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Cloudflare sees increasingly complex DDoS attacks in 2024


According to figures from Cloudflare, DDoS attacks will become significantly more common in 2024 and will also increase in size and complexity.

In the first half of 2024, Cloudflare stopped 8.5 million DDoS attacks, including 4 million in the second quarter. Although the number of attacks in the second quarter decreased by 11 percent compared to the first quarter, there was a 20 percent increase year-on-year. Cloudflare blocked a total of 57 petabytes of DDoS traffic at the network level, several times the size of Netflix’s entire catalog.

Increasingly sophisticated

Quality and quantity rarely go hand in hand, but the report shows that attackers are becoming more sophisticated. Cloudflare’s systems generated nearly 19 million “fingerprints” to identify and stop attacks, indicating a significant increase in complexity. This sophistication is attributed to the rise of generative AI and automated systems that make it easier for cybercriminals to create sophisticated attack code.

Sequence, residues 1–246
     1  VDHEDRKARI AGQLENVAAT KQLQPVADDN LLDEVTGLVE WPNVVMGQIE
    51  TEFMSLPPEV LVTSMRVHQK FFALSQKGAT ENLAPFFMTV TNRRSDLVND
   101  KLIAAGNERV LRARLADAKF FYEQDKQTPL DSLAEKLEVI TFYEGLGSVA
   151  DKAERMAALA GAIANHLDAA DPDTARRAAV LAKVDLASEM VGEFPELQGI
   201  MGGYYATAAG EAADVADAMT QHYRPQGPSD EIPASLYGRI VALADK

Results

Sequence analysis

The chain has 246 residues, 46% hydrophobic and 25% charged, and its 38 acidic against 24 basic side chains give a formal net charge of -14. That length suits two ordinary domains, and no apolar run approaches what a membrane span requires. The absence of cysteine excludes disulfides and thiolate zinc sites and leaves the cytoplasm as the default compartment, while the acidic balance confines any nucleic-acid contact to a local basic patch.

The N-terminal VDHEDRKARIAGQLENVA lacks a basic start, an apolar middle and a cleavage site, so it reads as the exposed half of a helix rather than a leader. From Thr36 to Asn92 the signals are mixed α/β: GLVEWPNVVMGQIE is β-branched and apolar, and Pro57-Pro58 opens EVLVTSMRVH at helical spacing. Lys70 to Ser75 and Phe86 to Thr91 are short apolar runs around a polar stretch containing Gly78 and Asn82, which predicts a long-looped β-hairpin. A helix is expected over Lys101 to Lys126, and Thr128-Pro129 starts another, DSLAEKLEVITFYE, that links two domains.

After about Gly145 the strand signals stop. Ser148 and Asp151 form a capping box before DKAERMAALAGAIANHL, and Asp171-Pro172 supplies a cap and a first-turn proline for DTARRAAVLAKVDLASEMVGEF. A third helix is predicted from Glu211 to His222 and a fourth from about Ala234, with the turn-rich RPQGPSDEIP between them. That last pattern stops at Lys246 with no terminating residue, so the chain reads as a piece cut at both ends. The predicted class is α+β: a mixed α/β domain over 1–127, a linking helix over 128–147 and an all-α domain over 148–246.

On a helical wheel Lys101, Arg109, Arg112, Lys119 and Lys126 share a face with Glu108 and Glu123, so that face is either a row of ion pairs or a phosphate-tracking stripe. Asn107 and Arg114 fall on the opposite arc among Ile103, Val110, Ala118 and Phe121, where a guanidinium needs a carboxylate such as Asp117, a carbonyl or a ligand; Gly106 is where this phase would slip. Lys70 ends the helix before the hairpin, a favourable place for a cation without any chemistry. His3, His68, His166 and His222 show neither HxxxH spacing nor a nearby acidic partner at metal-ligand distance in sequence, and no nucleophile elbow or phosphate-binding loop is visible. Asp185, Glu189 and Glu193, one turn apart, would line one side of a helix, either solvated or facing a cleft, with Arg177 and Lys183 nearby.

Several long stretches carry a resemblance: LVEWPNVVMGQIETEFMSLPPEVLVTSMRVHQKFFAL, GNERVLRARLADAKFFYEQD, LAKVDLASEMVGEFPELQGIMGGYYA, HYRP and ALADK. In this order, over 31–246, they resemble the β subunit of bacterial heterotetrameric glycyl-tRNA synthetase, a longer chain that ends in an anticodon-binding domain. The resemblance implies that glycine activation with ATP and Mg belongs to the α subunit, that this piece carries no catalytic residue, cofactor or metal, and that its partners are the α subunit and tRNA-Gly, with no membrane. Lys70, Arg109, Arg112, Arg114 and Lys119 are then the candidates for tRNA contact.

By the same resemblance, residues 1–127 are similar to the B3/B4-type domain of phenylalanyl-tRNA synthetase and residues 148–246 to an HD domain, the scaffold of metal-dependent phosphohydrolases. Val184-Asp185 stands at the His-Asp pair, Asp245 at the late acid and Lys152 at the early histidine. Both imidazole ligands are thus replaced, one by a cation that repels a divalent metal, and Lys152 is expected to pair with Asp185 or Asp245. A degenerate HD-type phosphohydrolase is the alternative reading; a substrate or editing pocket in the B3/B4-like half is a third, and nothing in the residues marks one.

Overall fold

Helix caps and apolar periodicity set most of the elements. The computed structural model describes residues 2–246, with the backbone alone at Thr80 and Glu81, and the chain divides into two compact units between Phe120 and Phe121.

The motives behind the attacks do not differ significantly from classic hacks. In May, 16 percent of victims said that the perpetrators had demanded a ransom from them, the highest percentage in twelve months. Seventeen percent suspected that the attacks were carried out by states or state-sponsored groups. 59 percent blamed a business competitor. In three out of four attacks, the victims do not know who is behind them.

Countries and sectors most affected

China was the country most affected by DDoS attacks in Q2 2024, followed by Turkey and Singapore. Not a single European country makes it into the top 15. The Netherlands seems to be a popular location for DDoS attacks, with only Argentina and Indonesia recording higher activity. The IT sector turned out to be the most attacked market, followed by the food and beverage and telecommunications sectors in second and third place.

Although most DDoS attacks are small and short-lived, they can cause significant disruption to services that are not properly prepared. A common technique is to simply “overload” the victim’s servers with requests.

French cloud provider OVHCloud recently reported a record-breaking DDoS attack. At peak times, attack waves reached up to 840 million requests per second at a bitrate of 2.5 Tbit/s.

Source: IT Daily



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